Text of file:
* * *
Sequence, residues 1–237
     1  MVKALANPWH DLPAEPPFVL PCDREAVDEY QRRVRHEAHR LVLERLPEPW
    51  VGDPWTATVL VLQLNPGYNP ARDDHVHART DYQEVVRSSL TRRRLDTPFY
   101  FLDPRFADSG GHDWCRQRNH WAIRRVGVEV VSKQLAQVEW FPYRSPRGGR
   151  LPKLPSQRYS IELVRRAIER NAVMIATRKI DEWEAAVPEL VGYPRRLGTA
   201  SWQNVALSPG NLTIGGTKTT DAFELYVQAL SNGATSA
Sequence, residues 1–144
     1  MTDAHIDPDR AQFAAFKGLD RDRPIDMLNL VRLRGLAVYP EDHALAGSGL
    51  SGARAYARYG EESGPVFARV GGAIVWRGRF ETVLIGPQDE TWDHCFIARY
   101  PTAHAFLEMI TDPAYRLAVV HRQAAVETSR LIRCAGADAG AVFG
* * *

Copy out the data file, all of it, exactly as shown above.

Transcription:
Sequence, residues 1–237
     1  MVKALANPWH DLPAEPPFVL PCDREAVDEY QRRVRHEAHR LVLERLPEPW
    51  VGDPWTATVL VLQLNPGYNP ARDDHVHART DYQEVVRSSL TRRRLDTPFY
   101  FLDPRFADSG GHDWCRQRNH WAIRRVGVEV VSKQLAQVEW FPYRSPRGGR
   151  LPKLPSQRYS IELVRRAIER NAVMIATRKI DEWEAAVPEL VGYPRRLGTA
   201  SWQNVALSPG NLTIGGTKTT DAFELYVQAL SNGATSA
Sequence, residues 1–144
     1  MTDAHIDPDR AQFAAFKGLD RDRPIDMLNL VRLRGLAVYP EDHALAGSGL
    51  SGARAYARYG EESGPVFARV GGAIVWRGRF ETVLIGPQDE TWDHCFIARY
   101  PTAHAFLEMI TDPAYRLAVV HRQAAVETSR LIRCAGADAG AVFG